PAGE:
The innate immune system is critical to defence against infection, but also drives unhealthy processes in inflammatory disease. An important pathway in innate immunity is the inflammasome.

Inflammasomes are molecular machines that trigger cytokine maturation and immune system activation in response to signals indicating cellular ‘danger’. While the inflammasome pathway is critical for host defence against infection, it is also a key driver of unhealthy inflammation in many human diseases.

We use a wide variety of molecular and cell biology techniques, in conjunction with animal models and human clinical samples, to investigate the biology of inflammasomes in host defence and inflammatory disease at the molecular, cellular and organismal levels.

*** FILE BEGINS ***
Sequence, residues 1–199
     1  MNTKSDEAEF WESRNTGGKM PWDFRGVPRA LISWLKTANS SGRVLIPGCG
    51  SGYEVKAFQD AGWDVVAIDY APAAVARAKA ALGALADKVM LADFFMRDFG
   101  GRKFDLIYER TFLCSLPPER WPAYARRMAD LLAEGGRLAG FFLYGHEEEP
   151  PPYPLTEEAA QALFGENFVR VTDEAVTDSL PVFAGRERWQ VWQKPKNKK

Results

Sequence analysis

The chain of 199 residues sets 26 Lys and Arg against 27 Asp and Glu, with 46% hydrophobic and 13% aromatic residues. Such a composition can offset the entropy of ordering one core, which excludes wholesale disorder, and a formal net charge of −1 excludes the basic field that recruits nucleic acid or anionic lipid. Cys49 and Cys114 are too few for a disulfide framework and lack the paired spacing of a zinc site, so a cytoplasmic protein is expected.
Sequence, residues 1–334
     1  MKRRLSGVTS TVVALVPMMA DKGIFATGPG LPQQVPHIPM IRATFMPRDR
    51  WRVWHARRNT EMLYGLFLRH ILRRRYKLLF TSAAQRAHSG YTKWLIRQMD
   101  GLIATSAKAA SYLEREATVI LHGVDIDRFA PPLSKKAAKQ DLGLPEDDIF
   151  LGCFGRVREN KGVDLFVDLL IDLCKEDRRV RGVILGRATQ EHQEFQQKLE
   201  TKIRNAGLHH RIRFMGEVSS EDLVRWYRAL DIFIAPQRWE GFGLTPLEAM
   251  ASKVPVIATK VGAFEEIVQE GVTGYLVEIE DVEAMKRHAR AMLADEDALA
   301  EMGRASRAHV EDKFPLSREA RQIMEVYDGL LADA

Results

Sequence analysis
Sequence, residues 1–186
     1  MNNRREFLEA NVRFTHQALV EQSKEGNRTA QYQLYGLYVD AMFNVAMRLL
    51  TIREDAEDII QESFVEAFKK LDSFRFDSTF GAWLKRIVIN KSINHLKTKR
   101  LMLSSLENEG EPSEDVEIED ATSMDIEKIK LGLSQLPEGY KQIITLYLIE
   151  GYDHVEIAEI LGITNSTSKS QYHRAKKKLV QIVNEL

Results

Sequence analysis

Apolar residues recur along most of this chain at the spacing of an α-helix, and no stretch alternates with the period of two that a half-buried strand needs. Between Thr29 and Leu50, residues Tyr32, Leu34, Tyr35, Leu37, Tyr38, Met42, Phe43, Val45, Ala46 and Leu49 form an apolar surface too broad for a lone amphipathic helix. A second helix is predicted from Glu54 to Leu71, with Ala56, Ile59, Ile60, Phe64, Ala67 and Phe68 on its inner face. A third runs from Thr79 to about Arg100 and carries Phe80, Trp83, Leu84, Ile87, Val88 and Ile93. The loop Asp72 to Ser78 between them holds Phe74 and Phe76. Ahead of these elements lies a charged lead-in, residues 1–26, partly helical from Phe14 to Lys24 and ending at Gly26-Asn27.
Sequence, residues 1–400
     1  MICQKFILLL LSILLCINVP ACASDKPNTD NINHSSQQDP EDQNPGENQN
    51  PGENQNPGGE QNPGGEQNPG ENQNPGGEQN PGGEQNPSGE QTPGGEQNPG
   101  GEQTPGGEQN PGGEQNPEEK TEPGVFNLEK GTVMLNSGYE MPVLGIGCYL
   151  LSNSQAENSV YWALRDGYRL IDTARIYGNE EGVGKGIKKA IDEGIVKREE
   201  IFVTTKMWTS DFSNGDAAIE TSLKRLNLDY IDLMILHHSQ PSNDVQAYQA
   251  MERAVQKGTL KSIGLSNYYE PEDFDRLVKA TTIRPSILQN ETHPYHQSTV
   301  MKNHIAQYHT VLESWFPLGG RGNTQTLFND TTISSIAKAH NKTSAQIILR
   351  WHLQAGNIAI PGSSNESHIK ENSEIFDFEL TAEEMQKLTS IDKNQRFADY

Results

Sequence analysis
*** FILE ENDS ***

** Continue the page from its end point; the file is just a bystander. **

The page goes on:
Traineeships, honours and PhD projects include

  • Inflammasome function in host defence against infection
  • Human-specific inflammasome and caspase pathways
  • Pathogenic inflammasome function in human diseases
  • Inflammasome inhibition by small molecule drugs and cellular pathways
  • Neutrophil inflammasome function during infection and disease.

Project members

Group Leader

    Professor Kate Schroder

    NHMRC Leadership Fellow - Group Leader
    Institute for Molecular Bioscience